Depending on how deep you are in recovery mode, ambitious design thinking STEAM projects or months-long civic problem-based undertakings might not be on your radar. But that doesn’t mean you’re not finding ways to group students for cooperative activities in your catch-up efforts. Today and going forward, you can think about how to group students (and staff) to allow for the most balanced groups (or teams) and the best outcomes. Grab tips from Y4Y’s

  • Ice Breaker Activities list to better understand each student or staff member’s perspective on the world. A rousing game of “this or that” could do it!
  • Selecting Student Roles for Group Work tool to reflect on how different personalities work best in different roles that need fulfilling. Brainstorm about what those roles might be for any given project or activity, and adapt this tool accordingly.
  • Team-Building Activities list for ideas on how you can use a low-stakes environment to help a new grouping of students or staff find their collective rhythm.
  • Group Discussion Guidelines to ensure that these conflicting approaches keep conversations respectful.
  • Working With Groups Training Starter to train staff on navigating group dynamics.

Opposites attract. Yin and Yang. The good with the bad. Offense and defense. Language is rich with expressions that illustrate exactly what these researchers have discovered: We shouldn’t isolate ourselves from people who think differently from us if we’re to ensure balance and best outcomes. What a great message to send young people during an era of great division. After all, there is no “I” in TEAM.



September 12, 2021

The country’s collective consciousness and conscience are waking up to inequity. Institutions are eager to address this societal albatross, and there are many very different ideas on how to do it. Resources such as Street Data: A Next-Generation Model for Equity, Pedagogy, and School Transformation by Shane Safir and Jamila Dugan ask educators to shift thinking from deficit-mindedness to asset-mindedness. “Street data is the qualitative and experiential data that emerges at eye level and on lower frequencies when we train our brains to discern it. Street data is asset based, building on the tenets of culturally responsive education by helping educators look for what’s right in our students, schools, and communities instead of seeking out what’s wrong.” While your 21st CCLC program will continue to require evidence-based intervention methods, how can you begin to shape the culture and implementation in your program around student strengths rather than perceived deficits?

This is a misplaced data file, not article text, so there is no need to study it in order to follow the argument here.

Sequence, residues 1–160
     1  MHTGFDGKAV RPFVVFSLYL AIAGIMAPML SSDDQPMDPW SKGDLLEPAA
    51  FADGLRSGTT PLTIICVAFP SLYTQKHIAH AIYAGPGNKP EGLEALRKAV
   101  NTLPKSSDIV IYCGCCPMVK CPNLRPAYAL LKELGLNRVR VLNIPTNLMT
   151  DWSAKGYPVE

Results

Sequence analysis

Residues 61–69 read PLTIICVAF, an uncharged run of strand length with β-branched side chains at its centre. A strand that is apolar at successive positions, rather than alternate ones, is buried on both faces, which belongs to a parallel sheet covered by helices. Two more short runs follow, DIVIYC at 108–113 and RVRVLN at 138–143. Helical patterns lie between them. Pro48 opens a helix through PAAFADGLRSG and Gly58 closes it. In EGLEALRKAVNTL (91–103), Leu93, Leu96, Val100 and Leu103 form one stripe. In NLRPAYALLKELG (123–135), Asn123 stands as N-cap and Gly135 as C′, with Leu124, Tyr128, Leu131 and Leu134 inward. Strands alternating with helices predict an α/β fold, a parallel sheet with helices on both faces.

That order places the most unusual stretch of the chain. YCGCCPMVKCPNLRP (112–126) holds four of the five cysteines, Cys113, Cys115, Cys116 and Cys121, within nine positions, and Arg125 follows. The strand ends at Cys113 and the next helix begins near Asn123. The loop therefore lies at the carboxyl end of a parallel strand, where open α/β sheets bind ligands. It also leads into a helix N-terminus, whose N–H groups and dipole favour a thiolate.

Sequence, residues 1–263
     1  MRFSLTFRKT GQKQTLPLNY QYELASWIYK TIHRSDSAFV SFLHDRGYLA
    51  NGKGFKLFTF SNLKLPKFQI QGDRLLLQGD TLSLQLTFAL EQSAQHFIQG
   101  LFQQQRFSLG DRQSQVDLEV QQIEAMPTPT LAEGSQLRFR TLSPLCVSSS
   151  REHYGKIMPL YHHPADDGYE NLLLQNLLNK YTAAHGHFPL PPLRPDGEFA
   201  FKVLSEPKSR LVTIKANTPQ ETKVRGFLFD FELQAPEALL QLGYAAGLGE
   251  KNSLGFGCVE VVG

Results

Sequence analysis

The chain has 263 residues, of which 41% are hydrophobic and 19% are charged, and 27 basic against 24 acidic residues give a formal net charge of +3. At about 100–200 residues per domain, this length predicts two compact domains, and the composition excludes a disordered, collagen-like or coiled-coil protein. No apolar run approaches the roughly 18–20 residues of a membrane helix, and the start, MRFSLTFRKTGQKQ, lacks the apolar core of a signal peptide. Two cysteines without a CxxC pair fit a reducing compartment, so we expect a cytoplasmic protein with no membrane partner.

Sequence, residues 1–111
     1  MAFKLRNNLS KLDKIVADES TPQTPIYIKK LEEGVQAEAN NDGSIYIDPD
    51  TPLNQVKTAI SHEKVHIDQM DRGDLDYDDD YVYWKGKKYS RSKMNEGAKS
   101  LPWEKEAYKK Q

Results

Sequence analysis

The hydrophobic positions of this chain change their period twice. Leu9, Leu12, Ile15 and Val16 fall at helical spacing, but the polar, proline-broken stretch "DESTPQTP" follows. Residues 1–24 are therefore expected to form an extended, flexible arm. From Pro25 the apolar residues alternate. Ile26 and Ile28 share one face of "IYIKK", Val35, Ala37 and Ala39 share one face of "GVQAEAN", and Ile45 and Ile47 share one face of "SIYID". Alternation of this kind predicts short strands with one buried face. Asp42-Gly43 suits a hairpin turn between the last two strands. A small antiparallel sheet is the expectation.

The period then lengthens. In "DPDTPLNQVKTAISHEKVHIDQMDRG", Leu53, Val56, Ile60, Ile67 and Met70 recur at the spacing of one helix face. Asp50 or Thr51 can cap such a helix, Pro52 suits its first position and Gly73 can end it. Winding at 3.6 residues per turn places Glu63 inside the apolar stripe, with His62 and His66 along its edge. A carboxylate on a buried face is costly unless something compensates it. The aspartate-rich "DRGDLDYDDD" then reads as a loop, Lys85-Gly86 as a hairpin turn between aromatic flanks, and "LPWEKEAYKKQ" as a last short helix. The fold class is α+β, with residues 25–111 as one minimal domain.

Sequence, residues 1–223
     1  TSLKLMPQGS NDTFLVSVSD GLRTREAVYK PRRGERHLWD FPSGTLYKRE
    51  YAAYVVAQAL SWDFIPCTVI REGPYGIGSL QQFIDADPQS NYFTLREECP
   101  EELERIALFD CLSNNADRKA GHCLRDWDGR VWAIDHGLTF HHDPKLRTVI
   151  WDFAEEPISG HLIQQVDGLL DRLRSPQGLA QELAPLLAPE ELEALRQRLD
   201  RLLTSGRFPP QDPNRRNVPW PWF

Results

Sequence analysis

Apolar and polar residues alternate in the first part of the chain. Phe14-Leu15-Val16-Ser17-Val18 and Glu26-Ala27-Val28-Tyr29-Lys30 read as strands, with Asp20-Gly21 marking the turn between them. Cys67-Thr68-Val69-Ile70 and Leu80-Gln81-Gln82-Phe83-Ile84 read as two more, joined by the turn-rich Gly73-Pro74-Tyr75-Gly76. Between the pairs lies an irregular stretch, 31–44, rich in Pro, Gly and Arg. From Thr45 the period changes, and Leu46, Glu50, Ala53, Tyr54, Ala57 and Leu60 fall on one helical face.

Authors Safir and Dugan, who were featured at the 2021 Summer Symposium, offer guiding principles and core stances for each chapter of their groundbreaking book. These are crosswalked below to Y4Y resources that can help your program shift its framework to an asset-minded approach that promotes equity.

Why Street Data, Why Now?

Guiding Principle 1: Reimagine our ways of knowing and learning. Core Stance: Holism.

How can your program give value to learning that’s emotional, spiritual, and physical as well as that which is cognitive?

  • Know the five skill domains of social and emotional learning.
  • Principles of inclusion reach beyond disabilities. Gather a full team and build an inclusive team by roles so your program can see every student for their strengths, like leadership, teamwork and clear communication.
  • Tools available in Y4Y’s Career Pathways for Students course already put you in the mindset of focusing on each individual’s strengths. Asset-based thinking takes this principle a step further and recognizes that different subcultures in your community might practice different and exciting ways of knowing and learning. 

Guiding Principle 2: See the barriers; imagine what’s possible. Core Stance: Awareness.

Is equity just one more new initiative, or is your program committed to a culture shift?

  • Your culture and climate language must reflect your commitment. Consult the implementation strategies section of Y4Y’s course on creating a positive learning environment.
  • Only with strong community champions that share your values can you make progress toward equity.
  • Team building is one more way to stress that your program is a community that values all its members.

Choose the Margins

Guiding Principle 3: Center voices from the margins. Core Stance: Antiracism.

Are the loudest voices that are front and center the only ones that are heard in your program?

Guiding Principle 4: Seek root causes over quick fixes. Core Stance: Deep Listening.

How is your program working to fully understand its students?